There is to be High Court for each state or one High Court for more than one State. There are the
judicial Commissioner Courts in the Union Territories of Manipur, Goa and Tripura. The High Court
can be established for Union Territories.
Appointment: The Judges of a High Court are appointed by the President after consulting the Chief
Justice of India, the Governor of the concerned and the Chief Justice of the concerned High Court.
Number of Judges: The number of judges of a High Court is fixed by the President from time to time.
In this way, flexibility is maintained with respect to the number of Judges in a High Court which can
be settled by the Central Executive keeping in view the quantum of work before the Court.
Qualifications: A person to be eligible for appointment as a High Court Judge must be a citizen of
India and must either have held a judicial office in India for 10 years or been an Advocate of a High
Court for at least ten years.
Tenure : The Judges have a fixed tenure and they retire at the age of sixty two years. They cannot be
removed earlier except when the two Houses of Parliament pass an address on the ground of proved
misbehaviour or incapacity by a majority of not less than two thirds of the members present and
Court of Record: Each High Court is to be a Court of Record having the powers to punish for
contempt of itself (A. 215).
Writ Jurisdiction: Every High Court has power to issue various writs under Article 226 of the
Superintendence: Article 227 which authorize every High Court to have superintendence over all
Courts and Tribunals within its territorial jurisdiction. The High Courts thus occupy high
position of respect, dignity and authority in the Judicial System of India.
Article 226-A empowers the HC’s to check the validity of central and state laws.
Appellate Jurisdiction: it is the highest court of appeal in the state.
Power to punish for contempt.
Chapter VI under Part VI of the Constitution provides the provisions regarding subordinate
Below the High Court there is the Court of District Judge which is top court among subordinate
The appointment, posting and promotion of District Judge are made by the Governor of the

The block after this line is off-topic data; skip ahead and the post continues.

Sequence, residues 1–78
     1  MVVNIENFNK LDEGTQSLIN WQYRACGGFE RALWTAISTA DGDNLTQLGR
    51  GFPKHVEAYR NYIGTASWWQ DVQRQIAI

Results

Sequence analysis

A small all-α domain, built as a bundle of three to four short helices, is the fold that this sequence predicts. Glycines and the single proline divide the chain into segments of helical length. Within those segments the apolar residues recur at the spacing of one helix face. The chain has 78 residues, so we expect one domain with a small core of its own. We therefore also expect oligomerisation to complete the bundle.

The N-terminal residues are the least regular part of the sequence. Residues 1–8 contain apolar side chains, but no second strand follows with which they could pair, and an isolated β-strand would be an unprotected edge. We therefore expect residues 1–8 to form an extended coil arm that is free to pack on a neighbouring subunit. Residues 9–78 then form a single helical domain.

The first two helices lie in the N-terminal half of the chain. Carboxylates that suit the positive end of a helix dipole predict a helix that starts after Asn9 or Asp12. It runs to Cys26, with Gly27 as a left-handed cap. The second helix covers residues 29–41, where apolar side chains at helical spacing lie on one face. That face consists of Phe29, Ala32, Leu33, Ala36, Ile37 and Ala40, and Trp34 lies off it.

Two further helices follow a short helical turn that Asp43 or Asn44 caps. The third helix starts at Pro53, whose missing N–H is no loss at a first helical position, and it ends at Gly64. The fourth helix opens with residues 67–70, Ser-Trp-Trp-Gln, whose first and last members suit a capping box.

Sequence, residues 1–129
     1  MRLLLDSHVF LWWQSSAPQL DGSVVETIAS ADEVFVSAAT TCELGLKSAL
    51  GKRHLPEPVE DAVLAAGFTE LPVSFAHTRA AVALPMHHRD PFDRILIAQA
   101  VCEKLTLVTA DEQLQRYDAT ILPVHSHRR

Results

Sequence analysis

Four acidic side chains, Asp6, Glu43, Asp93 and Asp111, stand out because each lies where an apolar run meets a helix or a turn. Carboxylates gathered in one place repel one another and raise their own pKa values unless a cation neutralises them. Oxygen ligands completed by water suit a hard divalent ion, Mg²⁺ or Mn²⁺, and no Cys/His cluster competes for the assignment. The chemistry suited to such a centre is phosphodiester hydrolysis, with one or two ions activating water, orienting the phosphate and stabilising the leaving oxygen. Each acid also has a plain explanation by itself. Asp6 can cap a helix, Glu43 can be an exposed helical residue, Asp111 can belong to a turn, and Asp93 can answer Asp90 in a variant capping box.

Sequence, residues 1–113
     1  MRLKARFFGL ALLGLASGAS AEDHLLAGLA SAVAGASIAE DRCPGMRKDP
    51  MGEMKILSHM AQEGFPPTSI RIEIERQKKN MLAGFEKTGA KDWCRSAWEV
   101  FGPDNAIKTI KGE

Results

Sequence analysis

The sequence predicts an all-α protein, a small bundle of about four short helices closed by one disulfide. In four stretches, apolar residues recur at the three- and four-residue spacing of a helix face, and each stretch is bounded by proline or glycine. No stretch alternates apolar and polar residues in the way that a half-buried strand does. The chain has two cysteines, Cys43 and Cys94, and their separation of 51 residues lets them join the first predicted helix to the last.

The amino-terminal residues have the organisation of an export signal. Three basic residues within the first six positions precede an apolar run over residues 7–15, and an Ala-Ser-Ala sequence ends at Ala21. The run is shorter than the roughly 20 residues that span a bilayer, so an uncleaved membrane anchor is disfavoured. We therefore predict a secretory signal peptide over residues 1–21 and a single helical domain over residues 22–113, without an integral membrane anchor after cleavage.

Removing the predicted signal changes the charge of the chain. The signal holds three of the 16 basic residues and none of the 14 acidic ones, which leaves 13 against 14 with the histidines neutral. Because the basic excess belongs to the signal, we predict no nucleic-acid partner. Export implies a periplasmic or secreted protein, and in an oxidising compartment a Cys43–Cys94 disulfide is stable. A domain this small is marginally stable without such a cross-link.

concerned State in consultation with the concerned High Court.
As regards eligibility for the post of the District Judge, a person not already in the service of the
Union or of the State shall only be eligible to be appointed as District Judge if he has been for not
less than seven years an Advocate or a Pleader and is recommended by the concerned High
Appointments of a person other than District Judges to the judicial service of the State shall be
made by the Governor of the State in accordance with rules made by him in that behalf after
consultation with concerned State Public Service Commission and with concerned High Court.
As regards control over subordinate courts, including the matters of posting , promotion, leave
etc., the concerned High court is vested with the power to have control over subordinate courts
but the High court is to exercise the control in accordance with the conditions of service under
the law applicable in relation to subordinate courts.
The Governor may by public notification direct the application of the provisions of Chapter VI of
the Constitution and the rules made there under on any class or classes of magistrates in the
concerned State subject to any exception or modification.
Generally, there are two types of legal cases- civil and criminal.
1. Civil litigation: Civil litigation is a lawsuit whereby a party seeks damages against another
party. The damages can come in the form of money or the modification of some type of conduct.
The first stage of civil litigation is the pleading stage. The pleading stage simply refers to the filing
of the complaint against the party that is the defendant. The next stage of civil litigation is
Discovery is simply the process of learning what evidence each side has regarding the dispute.
Once discovery comes to a close, the defendant will often file something known as a motion for
2. Criminal litigation: The criminal justice process typically begins when a police officer places a
person under arrest. After a criminal suspect is arrested, the next steps in the case are the
processing of the person into police custody and a determination of his/her eligibility for release
from custody in exchange for the posting of a set amount of money (bail).
After a criminal defendant is formally charged with a crime, the case proceeds to the trial phase.
After a defendant is convicted or pleads guilty, a judge will decide on the appropriate
punishment/sentence during the sentencing phase of a criminal case.
Sentencing for criminal offenses can range from probation and community service to prison and
even the death penalty.